Director of National Intelligence Dan Coats appears before a Senate committee, January 29, 2019 (Getty)

Upset by US intelligence reports exposing the fallacy of his proclamations, Donald Trump renews his attack on American intelligence agencies, saying they are “naive”.

On Tuesday, the US intelligence community’s Worldwide Threat Assessment said that North Korea will continue to maintain nuclear weapons capability, despite Trump’s declaration that the nuclear threat was ended by his summit with Kim Jong-un. It said the Islamic State — which Trump maintains is “completely defeated” in Syria — is still plotting attacks around the world. And the community warned of renewed Russian efforts to interfere in US elections, undermining Trump’s repeated insistence of no evidence of Moscow’s operations.

Director of National Intelligence Dan Coats, FBI Director Christopher Wray, and CIA Director Gina Haspel drove home the points in testimony to a Congressional committee.

Read the Worldwide Threat Assessment

Trump did not appear to have read the 42-page report. Instead, his Twitter response seemed to come after a New York Times article summarizing not only the remarks of the intelligence heads, but also those of Senate Majority Leader Mitch McConnell — an important shield for the President — criticizing Trump over his abrupt consideration of US troop withdrawal from Syria and Afghanistan.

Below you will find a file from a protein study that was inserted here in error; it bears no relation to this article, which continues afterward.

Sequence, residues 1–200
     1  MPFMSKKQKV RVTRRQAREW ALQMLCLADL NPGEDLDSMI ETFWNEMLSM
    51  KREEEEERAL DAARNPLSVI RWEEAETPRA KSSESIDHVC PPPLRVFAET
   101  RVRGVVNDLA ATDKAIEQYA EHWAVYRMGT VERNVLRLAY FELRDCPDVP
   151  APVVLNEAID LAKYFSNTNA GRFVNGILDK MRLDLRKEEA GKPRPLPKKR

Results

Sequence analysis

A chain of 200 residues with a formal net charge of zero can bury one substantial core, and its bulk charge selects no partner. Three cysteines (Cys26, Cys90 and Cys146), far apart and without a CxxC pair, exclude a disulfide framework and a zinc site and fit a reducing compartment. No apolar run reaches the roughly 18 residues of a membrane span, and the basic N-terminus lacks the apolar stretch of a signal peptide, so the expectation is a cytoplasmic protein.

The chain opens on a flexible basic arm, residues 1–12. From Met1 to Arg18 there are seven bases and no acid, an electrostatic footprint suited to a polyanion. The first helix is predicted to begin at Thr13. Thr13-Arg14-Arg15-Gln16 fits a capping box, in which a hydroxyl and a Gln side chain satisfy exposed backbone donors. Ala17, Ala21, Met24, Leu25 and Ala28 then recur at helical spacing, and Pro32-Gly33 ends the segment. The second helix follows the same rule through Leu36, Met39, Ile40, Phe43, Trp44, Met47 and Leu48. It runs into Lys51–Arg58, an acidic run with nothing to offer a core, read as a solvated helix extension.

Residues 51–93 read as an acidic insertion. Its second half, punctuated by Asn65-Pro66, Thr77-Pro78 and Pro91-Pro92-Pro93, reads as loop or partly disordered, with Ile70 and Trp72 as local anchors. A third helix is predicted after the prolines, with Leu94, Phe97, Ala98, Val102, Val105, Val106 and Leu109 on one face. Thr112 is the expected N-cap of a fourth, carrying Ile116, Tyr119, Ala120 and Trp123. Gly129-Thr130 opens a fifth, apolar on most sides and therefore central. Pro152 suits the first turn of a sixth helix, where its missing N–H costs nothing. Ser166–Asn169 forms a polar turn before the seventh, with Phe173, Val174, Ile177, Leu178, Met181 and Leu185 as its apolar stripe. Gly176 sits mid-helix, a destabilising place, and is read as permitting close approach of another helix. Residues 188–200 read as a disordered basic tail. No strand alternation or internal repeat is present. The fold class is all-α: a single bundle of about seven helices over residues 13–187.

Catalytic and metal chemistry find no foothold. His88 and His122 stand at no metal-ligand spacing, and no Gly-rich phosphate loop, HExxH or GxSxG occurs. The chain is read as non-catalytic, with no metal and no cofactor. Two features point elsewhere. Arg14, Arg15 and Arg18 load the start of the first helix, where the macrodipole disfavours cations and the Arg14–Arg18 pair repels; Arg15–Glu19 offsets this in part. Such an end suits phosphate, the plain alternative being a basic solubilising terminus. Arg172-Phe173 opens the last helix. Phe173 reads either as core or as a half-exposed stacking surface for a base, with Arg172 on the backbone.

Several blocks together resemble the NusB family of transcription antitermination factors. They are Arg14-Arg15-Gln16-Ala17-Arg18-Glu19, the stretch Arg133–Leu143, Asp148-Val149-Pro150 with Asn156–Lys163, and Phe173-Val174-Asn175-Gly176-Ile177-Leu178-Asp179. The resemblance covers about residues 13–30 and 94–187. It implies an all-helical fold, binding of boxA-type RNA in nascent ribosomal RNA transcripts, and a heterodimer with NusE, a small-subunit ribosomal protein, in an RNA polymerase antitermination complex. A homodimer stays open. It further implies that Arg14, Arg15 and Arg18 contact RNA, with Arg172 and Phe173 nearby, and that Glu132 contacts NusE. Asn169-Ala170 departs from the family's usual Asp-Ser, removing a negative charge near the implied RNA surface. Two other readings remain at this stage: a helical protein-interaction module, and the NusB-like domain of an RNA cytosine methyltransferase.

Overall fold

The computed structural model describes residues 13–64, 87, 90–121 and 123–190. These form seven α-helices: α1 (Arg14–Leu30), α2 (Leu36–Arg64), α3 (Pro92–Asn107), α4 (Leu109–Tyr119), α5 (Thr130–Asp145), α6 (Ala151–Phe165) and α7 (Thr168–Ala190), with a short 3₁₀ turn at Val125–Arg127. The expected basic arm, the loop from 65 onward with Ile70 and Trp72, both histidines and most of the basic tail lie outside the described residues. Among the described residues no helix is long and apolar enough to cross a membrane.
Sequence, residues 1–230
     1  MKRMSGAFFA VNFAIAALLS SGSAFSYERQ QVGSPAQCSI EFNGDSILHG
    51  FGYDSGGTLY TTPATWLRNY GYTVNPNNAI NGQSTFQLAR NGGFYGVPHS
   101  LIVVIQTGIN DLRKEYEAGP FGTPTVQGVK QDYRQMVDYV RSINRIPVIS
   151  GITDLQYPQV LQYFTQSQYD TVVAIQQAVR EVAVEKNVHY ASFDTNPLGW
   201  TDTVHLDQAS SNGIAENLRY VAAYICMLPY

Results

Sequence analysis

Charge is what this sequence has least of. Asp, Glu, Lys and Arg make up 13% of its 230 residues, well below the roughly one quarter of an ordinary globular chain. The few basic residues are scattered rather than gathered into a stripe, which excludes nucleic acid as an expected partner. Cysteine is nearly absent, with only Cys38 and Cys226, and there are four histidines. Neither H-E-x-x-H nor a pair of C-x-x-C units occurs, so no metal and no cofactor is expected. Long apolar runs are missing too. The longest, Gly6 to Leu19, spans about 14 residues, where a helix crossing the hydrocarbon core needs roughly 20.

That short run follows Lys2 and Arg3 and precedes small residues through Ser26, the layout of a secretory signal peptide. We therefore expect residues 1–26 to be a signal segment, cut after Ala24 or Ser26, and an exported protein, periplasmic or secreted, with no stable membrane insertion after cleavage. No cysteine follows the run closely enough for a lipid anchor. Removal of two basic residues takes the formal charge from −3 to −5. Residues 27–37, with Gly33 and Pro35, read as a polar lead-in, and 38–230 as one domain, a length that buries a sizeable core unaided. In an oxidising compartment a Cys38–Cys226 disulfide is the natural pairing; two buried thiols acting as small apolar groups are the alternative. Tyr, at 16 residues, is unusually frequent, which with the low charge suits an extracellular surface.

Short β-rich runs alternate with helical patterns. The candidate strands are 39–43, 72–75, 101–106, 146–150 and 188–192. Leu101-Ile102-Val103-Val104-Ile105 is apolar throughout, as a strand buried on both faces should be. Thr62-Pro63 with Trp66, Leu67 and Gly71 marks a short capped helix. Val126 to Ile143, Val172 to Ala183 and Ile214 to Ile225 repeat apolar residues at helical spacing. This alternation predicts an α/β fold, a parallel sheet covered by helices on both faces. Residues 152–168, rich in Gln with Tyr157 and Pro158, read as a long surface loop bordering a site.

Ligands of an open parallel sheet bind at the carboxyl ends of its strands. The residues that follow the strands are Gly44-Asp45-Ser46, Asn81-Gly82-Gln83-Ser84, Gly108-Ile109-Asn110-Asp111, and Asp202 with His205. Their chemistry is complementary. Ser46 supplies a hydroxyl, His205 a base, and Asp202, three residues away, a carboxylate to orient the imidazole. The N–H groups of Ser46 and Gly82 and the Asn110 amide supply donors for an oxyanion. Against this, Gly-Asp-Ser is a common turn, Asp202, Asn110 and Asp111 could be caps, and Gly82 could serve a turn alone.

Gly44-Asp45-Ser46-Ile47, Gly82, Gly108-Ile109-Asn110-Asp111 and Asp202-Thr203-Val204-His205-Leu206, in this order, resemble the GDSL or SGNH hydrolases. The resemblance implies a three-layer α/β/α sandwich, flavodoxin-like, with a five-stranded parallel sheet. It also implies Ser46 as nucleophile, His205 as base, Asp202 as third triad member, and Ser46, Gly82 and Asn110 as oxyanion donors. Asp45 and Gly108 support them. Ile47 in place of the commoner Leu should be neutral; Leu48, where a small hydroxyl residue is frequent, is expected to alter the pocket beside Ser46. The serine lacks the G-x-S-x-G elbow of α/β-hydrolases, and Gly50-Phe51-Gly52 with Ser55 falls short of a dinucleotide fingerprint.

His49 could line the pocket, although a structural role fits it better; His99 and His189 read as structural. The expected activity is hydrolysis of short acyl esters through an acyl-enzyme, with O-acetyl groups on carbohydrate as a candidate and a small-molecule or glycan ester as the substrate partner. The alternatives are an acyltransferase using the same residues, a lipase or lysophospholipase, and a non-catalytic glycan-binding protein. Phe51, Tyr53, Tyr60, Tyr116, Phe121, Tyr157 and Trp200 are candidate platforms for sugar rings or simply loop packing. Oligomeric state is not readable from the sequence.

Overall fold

Trump was particularly agitated by the Threat Assessment’s evaluation that Iran is continuing to comply with its 2015 nuclear deal with the 5+1 Powers, despite Trump’s withdrawal of the US in May.

The International Atomic Energy Agency has repeatedly verified that Tehran is not breaking the terms, including resumption of production of 20% enriched uranium, but Trump thundered:

Trump has repeatedly assailed US intelligence agencies. Just before his inauguration in January 2017, he equated the agencies with Nazi Germany when the “Steele Dossier”, a report from a private intelligence firm setting out links between the Trump campaign and Russian officials, appeared in the press. He has continued to attack the FBI, including the dismissal of Director James Comey and pressure leading to the removal of other top officials, in an attempt to blunt the Trump-Russia investigation.

Last July, at his summit with Vladimir Putin in Helsinki, Finland, Trump said he would choose the Russian President over US intelligence agencies in relation to claims about Moscow’s interference in US elections.

TrumpWatch, Day 543: Trump Chooses Putin Over US Agencies and the American System

The Threat Assessment begins with a summary of cyber-operations and “influence operations”, summarizing Moscow’s activities:

Russia’s social media efforts will continue to focus on aggravating social and racial tensions, undermining trust in authorities, and criticizing perceived anti-Russia politicians. Moscow may employ additional influence toolkits—such as spreading disinformation, conducting hack-andleak operations, or manipulating data—in a more targeted fashion to influence US policy, actions, and elections.

Trump did not respond to that section of the report.